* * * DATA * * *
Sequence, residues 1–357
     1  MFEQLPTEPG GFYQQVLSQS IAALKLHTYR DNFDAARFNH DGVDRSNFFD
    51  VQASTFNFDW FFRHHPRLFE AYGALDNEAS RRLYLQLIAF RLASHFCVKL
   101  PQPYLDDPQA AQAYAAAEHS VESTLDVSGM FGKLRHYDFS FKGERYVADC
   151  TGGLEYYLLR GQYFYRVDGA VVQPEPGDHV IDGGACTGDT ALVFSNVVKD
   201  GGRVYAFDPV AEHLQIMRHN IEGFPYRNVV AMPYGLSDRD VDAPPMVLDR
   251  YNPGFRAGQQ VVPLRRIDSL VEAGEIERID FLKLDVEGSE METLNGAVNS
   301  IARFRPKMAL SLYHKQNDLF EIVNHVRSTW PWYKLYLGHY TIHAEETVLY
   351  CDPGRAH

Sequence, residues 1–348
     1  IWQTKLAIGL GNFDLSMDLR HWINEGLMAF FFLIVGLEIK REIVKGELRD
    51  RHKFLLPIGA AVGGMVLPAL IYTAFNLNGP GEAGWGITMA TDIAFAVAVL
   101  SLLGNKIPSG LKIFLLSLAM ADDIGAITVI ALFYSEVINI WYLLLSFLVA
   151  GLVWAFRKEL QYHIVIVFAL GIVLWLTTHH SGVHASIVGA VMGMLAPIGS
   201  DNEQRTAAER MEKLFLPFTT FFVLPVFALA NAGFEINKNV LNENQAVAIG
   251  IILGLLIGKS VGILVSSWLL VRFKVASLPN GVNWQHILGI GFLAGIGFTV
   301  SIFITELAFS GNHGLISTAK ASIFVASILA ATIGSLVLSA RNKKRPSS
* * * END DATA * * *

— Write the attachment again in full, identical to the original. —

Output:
Sequence, residues 1–357
     1  MFEQLPTEPG GFYQQVLSQS IAALKLHTYR DNFDAARFNH DGVDRSNFFD
    51  VQASTFNFDW FFRHHPRLFE AYGALDNEAS RRLYLQLIAF RLASHFCVKL
   101  PQPYLDDPQA AQAYAAAEHS VESTLDVSGM FGKLRHYDFS FKGERYVADC
   151  TGGLEYYLLR GQYFYRVDGA VVQPEPGDHV IDGGACTGDT ALVFSNVVKD
   201  GGRVYAFDPV AEHLQIMRHN IEGFPYRNVV AMPYGLSDRD VDAPPMVLDR
   251  YNPGFRAGQQ VVPLRRIDSL VEAGEIERID FLKLDVEGSE METLNGAVNS
   301  IARFRPKMAL SLYHKQNDLF EIVNHVRSTW PWYKLYLGHY TIHAEETVLY
   351  CDPGRAH

Sequence, residues 1–348
     1  IWQTKLAIGL GNFDLSMDLR HWINEGLMAF FFLIVGLEIK REIVKGELRD
    51  RHKFLLPIGA AVGGMVLPAL IYTAFNLNGP GEAGWGITMA TDIAFAVAVL
   101  SLLGNKIPSG LKIFLLSLAM ADDIGAITVI ALFYSEVINI WYLLLSFLVA
   151  GLVWAFRKEL QYHIVIVFAL GIVLWLTTHH SGVHASIVGA VMGMLAPIGS
   201  DNEQRTAAER MEKLFLPFTT FFVLPVFALA NAGFEINKNV LNENQAVAIG
   251  IILGLLIGKS VGILVSSWLL VRFKVASLPN GVNWQHILGI GFLAGIGFTV
   301  SIFITELAFS GNHGLISTAK ASIFVASILA ATIGSLVLSA RNKKRPSS